Mars500 Crew Ready To Open Hatch

Article written: 2 Nov , 2011
Updated: 24 Dec , 2015
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With less than 48 hours left to go – and after 520 days – the Mars500 crew will officially “open the hatch” on their isolation on November 4. Scientists are eagerly awaiting the last of the experiments, but the inside team is awaiting freedom. They’ve been there since June of last year!

It’s been 17 long months filled with countless hours of experiments. During this simulated Mars mission, these gents have had their brains monitored, bodies scanned, donated samples and kept house. On top of that, they’ve done it so well that scientists can’t wait to get their hands on the results. The most important question of all has already been answered.

And the answer is “Yes.”

Romain Charles taking an air sample for the European MICHA experiment in Mars500. Credits: ESA

“And the scientists have already highlighted the importance of their investigations for terrestrial medical issues.” says Patrik Sundblad, the human life sciences specialist at ESA. “Yes, the crew can survive the inevitable isolation that is for a mission to Mars and back. Psychologically, we can do it.”

Can you imagine what would almost seem like purgatory? Even the most dedicated of us get days off, and knowing you truly aren’t in space would be a difficult hurdle to overcome. “They have had their ups and downs, but these were to be expected. In fact, we anticipated many more problems, but the crew has been doing surprisingly well.” continues Sunblad. “August was the mental low point: it was the most monotonous phase of the mission, their friends and families were on vacation and didn’t send so many messages, and there was also little variation in food.”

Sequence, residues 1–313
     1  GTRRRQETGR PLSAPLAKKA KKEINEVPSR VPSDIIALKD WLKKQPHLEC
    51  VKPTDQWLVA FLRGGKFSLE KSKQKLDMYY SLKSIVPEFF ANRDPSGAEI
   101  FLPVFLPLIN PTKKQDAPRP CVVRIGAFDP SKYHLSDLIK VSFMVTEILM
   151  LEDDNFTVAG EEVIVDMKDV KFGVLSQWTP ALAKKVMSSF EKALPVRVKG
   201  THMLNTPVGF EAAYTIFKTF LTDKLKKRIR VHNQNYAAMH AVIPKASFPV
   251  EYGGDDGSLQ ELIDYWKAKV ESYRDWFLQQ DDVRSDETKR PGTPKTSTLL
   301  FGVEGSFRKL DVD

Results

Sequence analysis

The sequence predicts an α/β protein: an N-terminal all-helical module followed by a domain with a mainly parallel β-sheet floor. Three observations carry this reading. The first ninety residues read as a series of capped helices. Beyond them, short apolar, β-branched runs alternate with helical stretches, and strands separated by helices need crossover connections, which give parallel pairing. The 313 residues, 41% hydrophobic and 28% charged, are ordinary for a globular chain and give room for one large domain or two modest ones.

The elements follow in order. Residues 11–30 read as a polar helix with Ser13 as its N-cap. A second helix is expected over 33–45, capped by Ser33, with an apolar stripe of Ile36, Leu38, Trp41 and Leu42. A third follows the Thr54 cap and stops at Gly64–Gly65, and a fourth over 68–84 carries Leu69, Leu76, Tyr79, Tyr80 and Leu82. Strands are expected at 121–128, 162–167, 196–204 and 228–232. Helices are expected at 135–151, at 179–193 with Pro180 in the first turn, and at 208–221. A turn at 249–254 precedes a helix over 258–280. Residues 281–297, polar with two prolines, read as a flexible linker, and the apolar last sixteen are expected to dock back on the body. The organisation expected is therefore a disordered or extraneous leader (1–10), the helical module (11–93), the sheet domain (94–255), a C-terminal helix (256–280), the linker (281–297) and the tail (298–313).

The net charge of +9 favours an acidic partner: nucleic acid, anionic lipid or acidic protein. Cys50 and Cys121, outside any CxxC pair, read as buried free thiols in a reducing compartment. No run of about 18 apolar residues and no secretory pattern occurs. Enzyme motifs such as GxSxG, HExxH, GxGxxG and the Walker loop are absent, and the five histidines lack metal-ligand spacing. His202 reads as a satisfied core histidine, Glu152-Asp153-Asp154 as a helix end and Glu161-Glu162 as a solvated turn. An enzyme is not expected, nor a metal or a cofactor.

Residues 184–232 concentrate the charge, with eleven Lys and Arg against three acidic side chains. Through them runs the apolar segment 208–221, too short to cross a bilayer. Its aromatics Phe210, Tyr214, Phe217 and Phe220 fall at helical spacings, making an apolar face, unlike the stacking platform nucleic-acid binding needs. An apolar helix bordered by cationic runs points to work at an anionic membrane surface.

However, things didn’t stay bleak for long. Morale returned as the end came into sight after an artificial delay and communications with friends and family began again on September 15th. “The high fidelity of the simulation has been an important factor in the success of the experiment,” notes Patrik. “Simulating a real mission to Mars as closely as is possible on Earth has been very important for the crew. Knowing this mission is really helping to make a real mission to Mars possible has made the challenging long-duration experiment somehow easier for the crew.”

Wang Yue with EEG measurement device. Credits: ESA

Even as grueling as these simulations might seem to be, it’s still not as stressful as a genuine mission to Mars would be. The reality check is the astronauts would know they couldn’t just be “rescued” in case of an emergency. Add to that weightlessness, radiation and the genuine separation of miles. While you might be able to hibernate in Antarctica to explore some facets of the human psyche, it’s not going to account for everything that goes on in our bodies and minds.“We are using to some extent the same psychological questionnaires with Mars500 as with over-wintering crews at the Concordia base and bedrest studies,” says Patrik. “Comparing them is extremely interesting.”

Crew portrait from May 2011. Credits: ESA

Yep. The mission is ending – but it’s about a lot more than just six men who chose to isolate themselves for science. It’s about international cooperation and the whole infrastructure surrounding the mission. “The crew has worked individually and as team very well, and the cooperation in the outside world has been outstanding,” observes Patrik. “Russia, China and Europe have maintained the integrity of the unique experiment. This is a very important lesson for any future mission to Mars: it is not only about the spacecraft and its crew, but also about close cooperation on Earth between all the teams and the international space agencies.”

Way to go, Mars500 crew! The first round is on the house…

Original Story Source: ESA News Release.



8 Responses

  1. squidgeny says